Your subtle reclamation of the power to frame is particularly interesting, because an important undercurrent running through this book is the idea of voice as a source of power. There is the scene where, thinking that Frado had told others about the abuse she suffered, Mrs. Bellmont violently punishes the girl, forcing a piece of wood into Frado’s mouth to silence her by keeping her mouth open. Frado’s moment of defiance is also framed as a choice to speak up: as Mrs. Bellmont is about to strike her, Frado yells ‘‘Stop!’ Strike me and I’ll never work a mite more for you’’.
Your book borrows elements from the traditional seduction tale, when it explores the idea of the “fallen woman”, but it does it differently: your fallen woman does not die nor is punished in the end. She gets married and moves on with her life.
Likewise, you borrow elements from the conversion narrative, only to slightly twist them: Frado’s is a secular conversion, a movement towards self-knowledge, and she is very sceptical of institutionalized religion. She cuts through the curtains and reveals the violence, racism and hypocrisy hidden inside seemingly pious Christian families. While Frado does experience Christian faith as empowering, she also sees that Christian institutions can deviate from what they profess and become sources of oppression.
As in coming of age stories, we follow your protagonist’s struggles and development, but here her triumph over the odds is never permanent. In a conventional romance, the heroine would be rewarded for her discipline and her faith, after enduring a difficult time; but, in your book, the difficult time never ends and there is no clear reward. As in sentimental novels, your heroine will find love, but only briefly, as if it were only a sidenote. You write beyond the ending of the standard marriage plot, and here love is just another “arbitrary and inexorable tyrant”.
As in domestic novels, we follow the daily family life at the Bellmonts, but with a twist: here, the domestic is a dangerous place, and white women are no angels in the house. As in the captivity narratives, we have an innocent woman held captives by savages – but, this time, white women are the savage villains, and the black girl is their innocent captive.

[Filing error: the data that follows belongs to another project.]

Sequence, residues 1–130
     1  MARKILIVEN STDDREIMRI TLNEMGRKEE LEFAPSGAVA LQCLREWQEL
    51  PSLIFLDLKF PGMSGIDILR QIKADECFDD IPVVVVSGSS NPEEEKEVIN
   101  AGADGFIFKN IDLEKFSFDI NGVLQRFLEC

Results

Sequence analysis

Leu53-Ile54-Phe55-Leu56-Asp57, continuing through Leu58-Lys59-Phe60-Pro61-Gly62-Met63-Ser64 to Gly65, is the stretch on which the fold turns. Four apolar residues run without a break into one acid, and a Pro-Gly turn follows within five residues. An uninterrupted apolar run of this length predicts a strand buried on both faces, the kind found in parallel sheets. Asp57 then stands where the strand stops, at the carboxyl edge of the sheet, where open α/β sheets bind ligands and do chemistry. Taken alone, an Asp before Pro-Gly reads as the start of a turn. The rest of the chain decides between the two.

The novella challenges the by then widely held beliefs about what it meant to be free, to be enslaved, to be equal, to be a (fallen) woman, to be Christian. It also undermines the then prevailing conflation of race, skin tone, class, and morality. No one is heroic in this book, and the ones who behave in the most abhorrent way are precisely those who loudly congratulate themselves on moral superiority.
Yours is a too disillusioned take on the subject to allow for the protagonist’s luxury of believing to have surmounted the conditions that had shaped her life. Rather than moving up or out, Frado is moving within a web of oppression. As in the poem you published in the periodical The Farmer’s Cabinet, on December 6th, 1851, your protagonist is a spark, and we watch it as it fades away.
“It was a great effort for Frado to cease sobbing; but she dared not be seen below in tears; so she choked her grief, and descended to her usual toil. (…) She moved about the house like an automaton. Every duty performed—but an abstraction from all, which shewed her thoughts were busied elsewhere. (…) The prayer caused profuse weeping, as any tender reminder of the heaven-born was sure to. When the good man’s voice ceased, she returned to her toil, carefully removing all trace of sorrow. Her mistress soon followed, irritated by Nab’s impudence in presenting herself unasked in the parlor, and upraided her with indolence, and bade her apply herself more diligently. Stung by unmerited rebuke, weak from sorrow and anxiety, the tears rolled down her dark face, soon followed by sobs, and then losing all control of herself, she wept aloud. This was an act of disobedience. Her mistress grasping her raw-hide, caused a longer flow of tears, and wounded a spirit that was craving healing mercies.” – Harriet E. Wilson, Our Nig
About the book
- Penguin Classics, 2004, 176 p. Goodreads
- First published in 1859
- My rating: 3 stars
- Projects: A Century of Books; Back to the Classics, hosted by Karen; Novellas in November, hosted by Cathy and Rebecca; Nonfiction November, hosted by Rennie over at What’s Non-Fiction, Katie at Doing Dewey, Julie at Julz Reads and Leann at Shelf Aware